• Suggested citation Etienne CF. Advancing the economics of noncommunicable diseases in the Americas. Rev Panam Salud Publica. 2018;42:e94. https://doi.org/10.26633/RPSP.2018.94
  • 2
    Average Cost-Effectiveness Ratio ≤ I$ 100/DALY in low- and middle-income countries. DALY = Disability Adjusted Life-Years, a measure of quality and quantity of life.

REFERENCES

  • 1
    World Health Organization. Global health estimates 2015: deaths by cause, age, sex, by country and by region, 2000-2015. Geneva: WHO; 2016.
  • 2
    Nikolic IA, Stanciole AE, Zaydman M. Chronic emergency: why NCDs matter. Health, Nutrition and Population discussion paper. Washington, DC: World Bank; 2011.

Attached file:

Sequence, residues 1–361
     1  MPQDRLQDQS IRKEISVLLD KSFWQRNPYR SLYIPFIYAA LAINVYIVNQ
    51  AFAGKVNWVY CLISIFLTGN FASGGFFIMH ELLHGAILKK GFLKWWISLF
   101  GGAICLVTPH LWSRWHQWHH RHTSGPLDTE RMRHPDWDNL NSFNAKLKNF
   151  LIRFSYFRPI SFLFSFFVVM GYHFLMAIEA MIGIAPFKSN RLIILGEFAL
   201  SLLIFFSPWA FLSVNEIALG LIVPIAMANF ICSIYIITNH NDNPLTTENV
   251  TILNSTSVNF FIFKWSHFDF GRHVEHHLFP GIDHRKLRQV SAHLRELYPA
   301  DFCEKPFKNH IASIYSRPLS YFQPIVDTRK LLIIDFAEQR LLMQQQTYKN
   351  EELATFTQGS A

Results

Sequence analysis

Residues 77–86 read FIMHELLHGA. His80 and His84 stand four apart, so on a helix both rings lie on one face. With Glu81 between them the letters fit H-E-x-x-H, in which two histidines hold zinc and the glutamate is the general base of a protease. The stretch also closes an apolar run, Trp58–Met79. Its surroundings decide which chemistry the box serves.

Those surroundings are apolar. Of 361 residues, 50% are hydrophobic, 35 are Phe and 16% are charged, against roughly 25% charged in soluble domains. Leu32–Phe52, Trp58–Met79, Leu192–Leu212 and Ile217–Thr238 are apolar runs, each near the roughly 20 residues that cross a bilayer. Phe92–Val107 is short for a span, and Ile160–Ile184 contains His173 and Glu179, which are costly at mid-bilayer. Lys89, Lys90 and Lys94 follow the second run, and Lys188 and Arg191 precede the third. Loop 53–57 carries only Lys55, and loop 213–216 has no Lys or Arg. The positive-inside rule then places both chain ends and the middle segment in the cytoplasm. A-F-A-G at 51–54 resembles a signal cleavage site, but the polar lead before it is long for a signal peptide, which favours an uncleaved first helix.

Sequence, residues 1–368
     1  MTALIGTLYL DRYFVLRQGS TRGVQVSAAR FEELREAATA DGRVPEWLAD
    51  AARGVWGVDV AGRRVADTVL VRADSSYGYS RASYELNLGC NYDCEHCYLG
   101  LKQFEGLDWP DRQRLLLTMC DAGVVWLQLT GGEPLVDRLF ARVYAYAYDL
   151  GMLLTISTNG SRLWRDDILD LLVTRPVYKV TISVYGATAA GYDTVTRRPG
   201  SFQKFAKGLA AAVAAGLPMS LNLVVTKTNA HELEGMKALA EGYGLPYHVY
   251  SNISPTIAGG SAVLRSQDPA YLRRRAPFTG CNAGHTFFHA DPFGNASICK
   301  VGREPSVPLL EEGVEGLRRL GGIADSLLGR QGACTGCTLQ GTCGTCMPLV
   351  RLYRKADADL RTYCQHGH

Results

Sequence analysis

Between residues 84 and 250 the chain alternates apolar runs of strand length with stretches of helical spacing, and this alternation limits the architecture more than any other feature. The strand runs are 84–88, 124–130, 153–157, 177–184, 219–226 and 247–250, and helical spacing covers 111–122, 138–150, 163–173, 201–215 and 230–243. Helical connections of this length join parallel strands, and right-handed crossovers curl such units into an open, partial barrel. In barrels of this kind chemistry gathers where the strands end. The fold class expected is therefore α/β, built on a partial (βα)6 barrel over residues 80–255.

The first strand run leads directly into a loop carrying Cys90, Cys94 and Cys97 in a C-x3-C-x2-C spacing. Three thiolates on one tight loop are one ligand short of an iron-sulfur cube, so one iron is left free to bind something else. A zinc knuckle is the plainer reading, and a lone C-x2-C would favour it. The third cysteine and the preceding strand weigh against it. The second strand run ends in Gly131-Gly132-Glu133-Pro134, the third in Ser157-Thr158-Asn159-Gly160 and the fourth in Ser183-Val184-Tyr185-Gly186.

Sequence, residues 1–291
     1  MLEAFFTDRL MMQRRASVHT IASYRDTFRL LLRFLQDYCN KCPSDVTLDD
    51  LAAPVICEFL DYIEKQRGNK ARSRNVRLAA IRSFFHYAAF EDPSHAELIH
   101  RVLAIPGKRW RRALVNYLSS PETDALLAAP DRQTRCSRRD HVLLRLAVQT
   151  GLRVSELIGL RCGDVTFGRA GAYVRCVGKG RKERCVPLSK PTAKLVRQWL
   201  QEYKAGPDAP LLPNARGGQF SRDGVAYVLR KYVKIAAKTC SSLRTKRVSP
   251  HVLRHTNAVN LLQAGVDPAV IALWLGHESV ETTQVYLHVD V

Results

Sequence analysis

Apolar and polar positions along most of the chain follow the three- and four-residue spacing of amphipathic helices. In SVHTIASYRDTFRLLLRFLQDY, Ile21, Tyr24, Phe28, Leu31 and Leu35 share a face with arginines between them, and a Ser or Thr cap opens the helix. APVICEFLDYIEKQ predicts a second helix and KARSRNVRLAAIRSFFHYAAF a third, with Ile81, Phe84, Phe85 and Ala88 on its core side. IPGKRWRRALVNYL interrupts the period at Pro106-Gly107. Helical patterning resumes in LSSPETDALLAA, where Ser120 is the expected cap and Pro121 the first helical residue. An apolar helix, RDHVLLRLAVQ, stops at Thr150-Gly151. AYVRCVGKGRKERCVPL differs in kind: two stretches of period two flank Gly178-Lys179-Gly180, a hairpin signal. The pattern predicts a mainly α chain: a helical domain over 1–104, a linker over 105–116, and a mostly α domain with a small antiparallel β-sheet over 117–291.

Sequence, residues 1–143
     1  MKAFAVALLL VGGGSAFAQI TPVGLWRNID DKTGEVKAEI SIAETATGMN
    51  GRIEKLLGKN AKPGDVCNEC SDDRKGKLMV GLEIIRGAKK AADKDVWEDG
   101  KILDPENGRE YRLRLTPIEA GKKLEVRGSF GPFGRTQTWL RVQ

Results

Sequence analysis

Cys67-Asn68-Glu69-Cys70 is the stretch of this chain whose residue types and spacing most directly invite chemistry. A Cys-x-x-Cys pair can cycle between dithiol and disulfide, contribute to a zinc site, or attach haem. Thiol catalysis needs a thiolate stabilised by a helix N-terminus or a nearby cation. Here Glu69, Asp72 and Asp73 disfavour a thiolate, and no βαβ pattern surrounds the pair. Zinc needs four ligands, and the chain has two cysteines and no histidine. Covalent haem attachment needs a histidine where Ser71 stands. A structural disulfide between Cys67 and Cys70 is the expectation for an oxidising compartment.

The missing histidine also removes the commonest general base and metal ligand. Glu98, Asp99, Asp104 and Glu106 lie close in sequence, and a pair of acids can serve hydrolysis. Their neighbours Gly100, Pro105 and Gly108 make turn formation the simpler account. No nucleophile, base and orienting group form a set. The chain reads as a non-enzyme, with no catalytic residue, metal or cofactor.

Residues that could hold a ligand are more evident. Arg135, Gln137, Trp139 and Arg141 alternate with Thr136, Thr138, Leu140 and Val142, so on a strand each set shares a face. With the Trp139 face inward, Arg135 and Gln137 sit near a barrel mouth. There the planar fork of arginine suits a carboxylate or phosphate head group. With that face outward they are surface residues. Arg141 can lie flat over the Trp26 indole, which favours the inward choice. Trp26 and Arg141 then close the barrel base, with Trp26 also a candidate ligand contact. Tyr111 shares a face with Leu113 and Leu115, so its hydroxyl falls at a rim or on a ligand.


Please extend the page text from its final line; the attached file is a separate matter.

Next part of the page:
• 3
    United Nations General Assembly. Transforming our world: the 2030 agenda for sustainable development. A/RES/70/1. Geneva: United Nations; 2015.
  • 4
    Nugent R. A chronology of global assistance funding for NCD. Global heart. 2016;11(4): 371-374.
  • 5
    World Health Organization. ‘Best Buys’ and other recommended interventions for the prevention and control of noncommunicable diseases, 2017). In: Global Action Plan for the Prevention and Control of Noncommunicable Diseases 2013-2020, Appendix 3. Geneva: WHO; 2017.

Appreciation

The Pan American Journal of Public Health recognizes with appreciation the support of the Public Health Agency of Canada (PHAC) to this thematic issue on the economics of noncommunicable diseases in the Americas.

Organización Panamericana de la Salud Washington - Washington - United States
E-mail: contacto_rpsp@paho.org